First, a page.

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Practical Storage Area Networking: Project Modeling

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Learn how to model your project with assessments of storage and I/O workload requirements. Daniel Pollack discusses the tools you need in order to complete I/O analysis and determine the Storage Area Network project type.
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This chapter is from the book

This chapter is from the book

Project modeling is done as an investigation of the design constraints of a project. In a SAN project, the I/O behaviors of the host systems and applications that will use the SAN are examined for extremes and trends. A good project model takes into account the complete range of tasks the SAN is expected to perform and is based on existing systems or reasonable estimates. A good project model does not have to take a long time to complete, provided assumptions can be made about the expected results to limit the amount of examination required. Models allow the designer to verify the resulting SAN behaviors without the risk of moving critical applications and host systems to the SAN. Start modeling your project with assessments of storage and I/O workload requirements.

3.1 Storage Requirements

Storage requirements can be determined from general rules and knowledge of the target SAN type.

General Rules for Sizing Storage

The expected data set size, or the data set size plus the expected growth of the data set if it already exists, determines the storage requirements. Application users, developers, and database administrators should have an idea of the type of data being stored and characteristic sizes, so they are good sources of sizing information. In a new application, if the typical record size in a database or the size of commonly stored data for an application can be determined, then simply multiply the size by the total expected starting number of records to determine the total amount of storage. If growth can be predicted on the basis of the number of users or the number of records, then storage can be sized for expected growth as well. A last resort for sizing information can simply be a guess based on general information about the new application.

Requirements by SAN Type

Depending on the type of SAN being implemented, assumptions about the amount of storage required can eliminate much of the storage size analysis.


To determine a storage consolidation SAN's requirements, look at the target host systems, add up all the storage in use on the host systems, and add the growth rates of the data on those host systems. A storage consolidation SAN more efficiently accommodates the storage space growth rates of the host systems because all storage space in the SAN is available to all host systems.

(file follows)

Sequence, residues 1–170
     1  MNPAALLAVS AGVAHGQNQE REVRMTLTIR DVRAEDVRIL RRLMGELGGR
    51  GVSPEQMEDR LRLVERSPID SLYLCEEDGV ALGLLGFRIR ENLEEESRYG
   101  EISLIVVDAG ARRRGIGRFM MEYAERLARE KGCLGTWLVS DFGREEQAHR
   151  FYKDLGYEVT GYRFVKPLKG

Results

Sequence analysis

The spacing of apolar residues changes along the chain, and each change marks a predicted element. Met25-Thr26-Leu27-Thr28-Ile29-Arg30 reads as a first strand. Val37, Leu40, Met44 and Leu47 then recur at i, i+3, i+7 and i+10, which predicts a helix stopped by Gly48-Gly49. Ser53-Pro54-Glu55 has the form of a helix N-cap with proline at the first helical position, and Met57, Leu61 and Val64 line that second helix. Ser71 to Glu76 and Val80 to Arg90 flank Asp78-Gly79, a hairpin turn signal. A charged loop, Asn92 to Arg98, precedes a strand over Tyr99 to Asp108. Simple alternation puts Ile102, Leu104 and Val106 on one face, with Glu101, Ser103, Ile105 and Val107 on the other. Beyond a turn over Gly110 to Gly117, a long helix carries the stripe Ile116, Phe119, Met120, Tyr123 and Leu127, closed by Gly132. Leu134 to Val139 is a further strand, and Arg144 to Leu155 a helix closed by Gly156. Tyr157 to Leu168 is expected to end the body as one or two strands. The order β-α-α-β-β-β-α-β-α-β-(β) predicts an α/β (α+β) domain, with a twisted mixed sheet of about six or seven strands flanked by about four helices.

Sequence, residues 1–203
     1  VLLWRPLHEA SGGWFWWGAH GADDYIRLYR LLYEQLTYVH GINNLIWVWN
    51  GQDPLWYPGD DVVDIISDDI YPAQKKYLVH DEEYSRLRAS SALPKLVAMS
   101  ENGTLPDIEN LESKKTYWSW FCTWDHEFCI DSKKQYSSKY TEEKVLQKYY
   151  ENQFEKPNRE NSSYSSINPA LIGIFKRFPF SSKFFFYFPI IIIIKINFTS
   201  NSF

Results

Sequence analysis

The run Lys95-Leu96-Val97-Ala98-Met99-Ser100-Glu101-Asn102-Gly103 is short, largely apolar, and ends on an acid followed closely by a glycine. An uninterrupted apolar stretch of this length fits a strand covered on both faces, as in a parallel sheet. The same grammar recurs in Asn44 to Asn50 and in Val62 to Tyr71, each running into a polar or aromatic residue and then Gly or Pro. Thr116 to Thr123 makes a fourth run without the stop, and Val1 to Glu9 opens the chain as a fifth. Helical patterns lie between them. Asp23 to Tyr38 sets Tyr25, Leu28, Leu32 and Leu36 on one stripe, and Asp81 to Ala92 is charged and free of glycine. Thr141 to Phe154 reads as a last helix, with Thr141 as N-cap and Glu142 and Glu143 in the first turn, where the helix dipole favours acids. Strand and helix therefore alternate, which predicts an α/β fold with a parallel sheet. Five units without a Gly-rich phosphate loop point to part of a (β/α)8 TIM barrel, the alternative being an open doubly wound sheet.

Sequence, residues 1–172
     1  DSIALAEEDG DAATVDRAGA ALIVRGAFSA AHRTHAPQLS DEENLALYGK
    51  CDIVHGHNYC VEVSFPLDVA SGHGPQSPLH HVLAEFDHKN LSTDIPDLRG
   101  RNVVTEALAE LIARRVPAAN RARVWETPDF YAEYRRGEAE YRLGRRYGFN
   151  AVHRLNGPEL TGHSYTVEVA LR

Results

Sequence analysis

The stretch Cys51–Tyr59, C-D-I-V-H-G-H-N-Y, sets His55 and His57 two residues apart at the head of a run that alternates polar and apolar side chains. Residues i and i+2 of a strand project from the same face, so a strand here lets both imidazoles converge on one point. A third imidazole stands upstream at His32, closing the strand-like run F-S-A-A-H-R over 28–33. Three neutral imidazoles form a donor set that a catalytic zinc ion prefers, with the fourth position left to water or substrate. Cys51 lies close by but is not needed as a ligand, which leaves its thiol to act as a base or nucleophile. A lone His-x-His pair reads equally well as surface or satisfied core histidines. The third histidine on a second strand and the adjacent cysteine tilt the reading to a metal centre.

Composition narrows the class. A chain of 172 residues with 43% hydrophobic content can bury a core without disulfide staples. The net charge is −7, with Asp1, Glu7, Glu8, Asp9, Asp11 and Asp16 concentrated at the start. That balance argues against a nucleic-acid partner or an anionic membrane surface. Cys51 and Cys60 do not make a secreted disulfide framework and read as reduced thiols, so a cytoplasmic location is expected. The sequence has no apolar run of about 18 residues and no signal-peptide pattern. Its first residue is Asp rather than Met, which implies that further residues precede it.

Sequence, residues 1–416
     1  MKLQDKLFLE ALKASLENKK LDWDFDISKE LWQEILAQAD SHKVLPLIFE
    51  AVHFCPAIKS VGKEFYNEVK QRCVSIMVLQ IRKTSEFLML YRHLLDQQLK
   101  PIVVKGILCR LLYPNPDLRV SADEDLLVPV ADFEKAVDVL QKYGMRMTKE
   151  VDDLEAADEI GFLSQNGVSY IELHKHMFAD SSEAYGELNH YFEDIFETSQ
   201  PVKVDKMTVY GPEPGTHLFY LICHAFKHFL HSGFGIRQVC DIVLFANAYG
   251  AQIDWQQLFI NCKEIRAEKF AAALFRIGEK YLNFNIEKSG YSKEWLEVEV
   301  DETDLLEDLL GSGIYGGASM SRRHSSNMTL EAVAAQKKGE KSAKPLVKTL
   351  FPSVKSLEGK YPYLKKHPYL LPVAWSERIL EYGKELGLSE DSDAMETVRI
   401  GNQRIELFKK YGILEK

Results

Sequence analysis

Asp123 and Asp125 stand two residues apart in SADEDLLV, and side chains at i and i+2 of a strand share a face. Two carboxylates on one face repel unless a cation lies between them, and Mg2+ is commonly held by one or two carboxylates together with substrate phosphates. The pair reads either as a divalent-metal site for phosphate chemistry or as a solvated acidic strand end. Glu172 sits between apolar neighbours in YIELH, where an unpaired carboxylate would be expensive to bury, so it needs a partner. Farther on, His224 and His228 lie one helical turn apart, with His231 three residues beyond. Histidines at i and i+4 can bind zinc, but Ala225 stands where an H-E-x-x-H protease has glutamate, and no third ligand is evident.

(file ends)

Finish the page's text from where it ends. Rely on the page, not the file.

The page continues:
A NAS replacement is similar to a storage consolidation SAN. To determine the amount of storage needed, add up all the storage space in use on the existing NAS and look at the expected growth rate of the data stored on the NAS systems.

NAS replacement SANs that implement tape backup require a different storage sizing method due to the unlimited total storage of removable media devices. Size a NAS replacement SAN for tape backup by determining the number of tape drives required to service the backup workload. The number of tape drives depends on all of the following:

  • The number of concurrent backups

  • The amount of data to be backed up

  • The amount of data each tape will store

  • The amount of time available for system backups

A complete discussion of backup system sizing would be a digression here; there are several good books on this topic. As a simple rule of thumb, use one tape drive for each concurrently backed up file system. Unless the data sets are small, avoid backing up data from multiple sources onto a single tape. Resource contention and possible restore conflicts can occur if multiple backups for different host systems are on the same tape.


For capacity-planning SANs, determine the size of storage by looking at the data set sizes of systems likely to use the SAN. A capacity-planning SAN that supports data warehouse extraction, transformation, and load (ETL) processing has greater storage requirements than a capacity-planning SAN that supports OLTP. This difference reflects the generally smaller overall sizes of high-performance OLTP applications. To estimate a good storage size, look at the typical storage size and the growth requirements of the target systems. If a given system requires 200GB of storage today and doubles in size every six months, and another like it is deployed every six months as well, then a reasonable sizing estimate for a six-month capacity-planning solution is 800GB.


Experimental SANs require little or no analysis of storage sizing. Because the purpose is pure experiment, the typical size of a system from your environment makes the best test case. If the experimental SAN's storage size is too small, the investigations cannot yield enough information. If the storage size is too large, there is obvious waste.


When attempting to size a SAN for a new project with little or no relation to any existing system, it is important to find out as much as possible about the new application. Investigation of the expected record size and the number of records goes a long way toward determining the required storage space. System and application overhead requires an additional 10 to 25 percent of space. The expected growth of the application data is also important when planning for system growth.

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